- As for that heinous tiger, Tamora,
No funeral rite, nor man in mournful weeds,
No mournful bell shall ring her burial;
But throw her forth to beasts, and birds of prey.
- (US, colloquial) A kind of growl or screech, after cheering.
- three cheers and a tiger
- A pneumatic box or pan used in refining sugar.
- A tiger moth in the family Arctiidae.
- A tiger beetle.
- Any of the three Australian species of black-and-yellow striped dragonflies of the genus Ictinogomphus.
- A tiger butterfly in tribe Danaini, especially subtribe Danaina
In heraldry, many writers use spellings such as tyger or tygre to distinguish the mythological beast from the natural tiger (also blazoned Bengal tiger), which also occurs in heraldry.
- Amur tiger
- Asian Tiger
- Australian tiger
- Bali tiger
- Bengal tiger
- blind tiger
- have a tiger by the tail
- paper tiger
- Siberian tiger
- Sumatran tiger
- swamp tiger
- Tasmanian tiger
- tiger beetle
- tiger cat
- tiger lily
- tiger moth
- tiger mother
- tiger's claw
- tiger's eye
- tiger shark
- tiger's milk
- tiger snake
- tiger team
“tiger”, in Webster’s Revised Unabridged Dictionary, Springfield, Mass.: G. & C. Merriam, 1913, →OCLC.
From the mascot of Princeton (a tiger), which led to early cheerleaders calling out "Tiger" at the end of a cheer for the Princeton team.
tiger (plural tigers)
- A final shouted phrase, accompanied by a jump or outstretched arms, at the end of a cheer.
- 1868, Punch: Or the London Charivari - Volume 55, page 231:
- He spoke with a very strong Scotch accent, and is by no means a graceful orator, but he produced througout a most favourable impression upon all his hearers, and especially upon the students, one of whom shouted as the speaker closed, 'Long Live PRESIDENT M'COSH!' and then proposed three cheers, which were given with a will, followed by the usual tiger and ' rocket.'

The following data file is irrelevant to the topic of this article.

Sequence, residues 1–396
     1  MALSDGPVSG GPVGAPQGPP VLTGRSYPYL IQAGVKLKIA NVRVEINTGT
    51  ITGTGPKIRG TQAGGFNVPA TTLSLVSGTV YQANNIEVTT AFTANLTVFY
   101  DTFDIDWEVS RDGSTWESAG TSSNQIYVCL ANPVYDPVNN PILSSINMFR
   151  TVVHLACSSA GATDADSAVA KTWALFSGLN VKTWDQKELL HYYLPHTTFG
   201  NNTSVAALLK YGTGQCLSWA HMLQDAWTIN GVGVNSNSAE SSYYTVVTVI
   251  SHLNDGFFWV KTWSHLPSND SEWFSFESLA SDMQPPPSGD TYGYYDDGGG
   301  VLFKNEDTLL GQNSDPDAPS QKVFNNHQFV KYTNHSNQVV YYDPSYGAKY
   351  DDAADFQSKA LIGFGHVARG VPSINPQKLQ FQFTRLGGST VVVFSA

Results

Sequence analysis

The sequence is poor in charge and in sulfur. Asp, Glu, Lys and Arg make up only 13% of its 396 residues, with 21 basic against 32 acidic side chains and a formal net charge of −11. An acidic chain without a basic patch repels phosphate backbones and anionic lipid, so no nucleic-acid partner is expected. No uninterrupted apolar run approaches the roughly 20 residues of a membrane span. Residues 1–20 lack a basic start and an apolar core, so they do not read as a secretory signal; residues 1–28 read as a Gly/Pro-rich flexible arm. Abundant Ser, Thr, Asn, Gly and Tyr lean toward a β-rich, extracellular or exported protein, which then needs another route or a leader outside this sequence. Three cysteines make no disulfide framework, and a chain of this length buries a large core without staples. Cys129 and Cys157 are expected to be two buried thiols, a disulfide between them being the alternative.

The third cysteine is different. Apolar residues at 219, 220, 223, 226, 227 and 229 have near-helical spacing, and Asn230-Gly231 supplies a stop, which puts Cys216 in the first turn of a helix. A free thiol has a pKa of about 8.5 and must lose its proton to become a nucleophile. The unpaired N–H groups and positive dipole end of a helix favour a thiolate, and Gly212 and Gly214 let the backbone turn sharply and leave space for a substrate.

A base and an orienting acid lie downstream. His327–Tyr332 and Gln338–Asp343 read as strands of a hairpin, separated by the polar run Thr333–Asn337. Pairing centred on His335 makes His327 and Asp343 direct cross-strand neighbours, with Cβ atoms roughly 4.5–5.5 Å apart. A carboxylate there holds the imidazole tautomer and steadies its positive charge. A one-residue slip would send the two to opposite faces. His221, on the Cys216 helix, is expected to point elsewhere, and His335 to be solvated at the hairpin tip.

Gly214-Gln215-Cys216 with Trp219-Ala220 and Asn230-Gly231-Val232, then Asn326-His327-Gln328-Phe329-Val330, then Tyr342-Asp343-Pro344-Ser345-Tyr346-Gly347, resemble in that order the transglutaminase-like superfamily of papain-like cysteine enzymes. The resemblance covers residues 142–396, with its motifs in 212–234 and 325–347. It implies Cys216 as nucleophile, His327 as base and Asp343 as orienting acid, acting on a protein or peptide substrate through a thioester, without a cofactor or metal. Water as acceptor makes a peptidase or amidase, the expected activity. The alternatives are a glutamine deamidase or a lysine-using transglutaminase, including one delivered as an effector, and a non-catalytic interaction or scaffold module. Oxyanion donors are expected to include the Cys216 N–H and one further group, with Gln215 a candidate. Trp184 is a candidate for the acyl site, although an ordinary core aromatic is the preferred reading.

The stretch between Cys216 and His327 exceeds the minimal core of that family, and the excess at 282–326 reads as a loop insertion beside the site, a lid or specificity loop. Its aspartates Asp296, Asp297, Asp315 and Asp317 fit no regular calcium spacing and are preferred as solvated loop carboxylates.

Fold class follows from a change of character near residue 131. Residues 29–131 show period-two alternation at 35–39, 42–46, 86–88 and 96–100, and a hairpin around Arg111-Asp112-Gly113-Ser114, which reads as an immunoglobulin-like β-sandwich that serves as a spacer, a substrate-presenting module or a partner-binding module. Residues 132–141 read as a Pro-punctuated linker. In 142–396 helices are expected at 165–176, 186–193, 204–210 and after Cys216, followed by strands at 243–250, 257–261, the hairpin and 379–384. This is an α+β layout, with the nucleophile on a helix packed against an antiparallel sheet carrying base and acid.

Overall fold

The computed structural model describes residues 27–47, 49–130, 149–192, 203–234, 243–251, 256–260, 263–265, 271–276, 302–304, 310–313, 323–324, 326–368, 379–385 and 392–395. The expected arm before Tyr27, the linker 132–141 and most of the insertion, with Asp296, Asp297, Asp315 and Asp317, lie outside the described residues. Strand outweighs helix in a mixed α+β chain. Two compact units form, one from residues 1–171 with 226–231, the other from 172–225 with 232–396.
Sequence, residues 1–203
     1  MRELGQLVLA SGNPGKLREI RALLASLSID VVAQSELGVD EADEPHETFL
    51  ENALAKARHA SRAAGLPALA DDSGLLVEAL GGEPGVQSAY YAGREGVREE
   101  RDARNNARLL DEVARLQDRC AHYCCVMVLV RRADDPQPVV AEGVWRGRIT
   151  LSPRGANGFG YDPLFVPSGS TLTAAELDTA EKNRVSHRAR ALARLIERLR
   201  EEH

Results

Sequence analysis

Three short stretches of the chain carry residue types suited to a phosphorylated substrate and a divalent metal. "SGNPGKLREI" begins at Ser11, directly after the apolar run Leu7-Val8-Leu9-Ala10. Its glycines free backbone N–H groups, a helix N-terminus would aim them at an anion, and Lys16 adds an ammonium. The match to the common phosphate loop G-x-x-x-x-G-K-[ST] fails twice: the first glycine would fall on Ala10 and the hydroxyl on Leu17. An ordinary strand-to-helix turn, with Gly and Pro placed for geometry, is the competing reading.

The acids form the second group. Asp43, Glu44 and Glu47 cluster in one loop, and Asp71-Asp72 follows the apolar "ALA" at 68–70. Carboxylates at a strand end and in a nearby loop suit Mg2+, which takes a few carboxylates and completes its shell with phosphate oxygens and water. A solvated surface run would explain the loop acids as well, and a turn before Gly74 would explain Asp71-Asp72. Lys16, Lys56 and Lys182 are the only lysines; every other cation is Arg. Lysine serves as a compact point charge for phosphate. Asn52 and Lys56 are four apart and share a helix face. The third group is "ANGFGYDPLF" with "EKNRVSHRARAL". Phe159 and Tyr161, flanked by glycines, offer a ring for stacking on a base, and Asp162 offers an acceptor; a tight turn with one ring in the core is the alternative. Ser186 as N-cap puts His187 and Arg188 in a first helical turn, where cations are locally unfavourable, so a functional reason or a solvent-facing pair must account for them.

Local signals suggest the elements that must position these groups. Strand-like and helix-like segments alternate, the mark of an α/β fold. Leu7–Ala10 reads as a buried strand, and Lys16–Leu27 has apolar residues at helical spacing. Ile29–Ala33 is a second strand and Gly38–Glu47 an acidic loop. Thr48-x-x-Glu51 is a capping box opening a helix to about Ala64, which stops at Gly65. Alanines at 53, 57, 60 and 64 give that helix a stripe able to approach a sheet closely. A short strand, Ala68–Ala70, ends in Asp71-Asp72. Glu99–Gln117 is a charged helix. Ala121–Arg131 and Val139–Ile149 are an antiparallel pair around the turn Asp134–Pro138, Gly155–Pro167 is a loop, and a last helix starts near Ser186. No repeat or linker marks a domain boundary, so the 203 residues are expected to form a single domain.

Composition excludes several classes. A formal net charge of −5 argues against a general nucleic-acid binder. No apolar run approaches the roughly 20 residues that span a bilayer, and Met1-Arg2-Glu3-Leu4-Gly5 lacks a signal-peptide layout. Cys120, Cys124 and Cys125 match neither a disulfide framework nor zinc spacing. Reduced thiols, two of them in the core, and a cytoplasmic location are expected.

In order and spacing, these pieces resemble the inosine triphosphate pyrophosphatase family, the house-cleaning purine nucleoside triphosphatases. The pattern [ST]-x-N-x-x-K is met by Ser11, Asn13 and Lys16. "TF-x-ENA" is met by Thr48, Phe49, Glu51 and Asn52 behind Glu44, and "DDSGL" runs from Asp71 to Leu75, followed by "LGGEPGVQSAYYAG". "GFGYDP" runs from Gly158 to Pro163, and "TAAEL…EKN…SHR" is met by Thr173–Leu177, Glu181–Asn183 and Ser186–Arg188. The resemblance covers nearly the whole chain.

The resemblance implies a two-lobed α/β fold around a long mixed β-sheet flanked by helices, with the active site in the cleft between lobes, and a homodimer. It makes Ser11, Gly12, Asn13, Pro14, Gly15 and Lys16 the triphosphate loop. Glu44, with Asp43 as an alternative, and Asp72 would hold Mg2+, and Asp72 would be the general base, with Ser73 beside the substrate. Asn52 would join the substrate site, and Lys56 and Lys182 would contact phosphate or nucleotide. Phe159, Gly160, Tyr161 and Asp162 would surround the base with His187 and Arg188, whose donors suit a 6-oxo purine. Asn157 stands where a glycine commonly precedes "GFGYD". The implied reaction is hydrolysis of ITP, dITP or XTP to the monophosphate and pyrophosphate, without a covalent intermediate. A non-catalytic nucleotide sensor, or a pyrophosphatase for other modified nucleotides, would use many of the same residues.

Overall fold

- 1941, Margaret Leech, Reveille in Washington:
- . . . every blue coat in the audience sprang to his feet, with three times three and a tiger.
- 2008, D. C. Beard, The Outdoor Handy Book: For Playground, Field, and Forest, page 413:
- One Brooklyn military company has a “tiger” composed of a provincial expression borrowed from the farmers. When drawled out by a hundred throats the phrase "I-wanter-know!" always produces a laugh.
tiger m (plural tigres or tigri)
From German Tiger, from Latin tigris.
tiger c (singular definite tigeren, plural indefinite tigere or tigre)
- “tiger” in Den Danske Ordbog
Borrowed from Old French tigre, from Latin tigris.
This noun needs an inflection-table template.
- “tiger”, in Vroegmiddelnederlands Woordenboek, 2000
- Verwijs, E.; Verdam, J. (1885–1929), “tiger”, in Middelnederlandsch Woordenboek, The Hague: Martinus Nijhoff, →ISBN
- Alternative form of tygre
tiger m (definite singular tigeren, indefinite plural tigere or tigre or tigrer, definite plural tigerne or tigrene)
- a tiger (Panthera tigris)
- “tiger” in The Bokmål Dictionary.
tiger m (definite singular tigeren, indefinite plural tigrar, definite plural tigrane)
- a tiger (Panthera tigris)
- “tiger” in The Nynorsk Dictionary.
tiger m (nominative plural tigras)
- Middle English: tygre, tygur, tygyr, tigre, tiger, teger, tegre
Ultimately from Ancient Greek τίγρις (tígris), from Iranian (compare Avestan 𐬙𐬌𐬔𐬭𐬌 (tigri, “arrow”), 𐬙𐬌𐬖𐬭𐬀 (tiγra, “pointed”)).
tígər m anim (female equivalent tīgrica)
|Masculine anim., hard o-stem|
- “tiger”, in Slovarji Inštituta za slovenski jezik Frana Ramovša ZRC SAZU, portal Fran
- tiger (animal)
|Declension of tiger|
- present tense of tiga.
(This etymology is missing or incomplete. Please add to it, or discuss it at the Etymology scriptorium.)
tiger c (plural tigers, diminutive tigerke)
- “tiger”, in Wurdboek fan de Fryske taal (in Dutch), 2011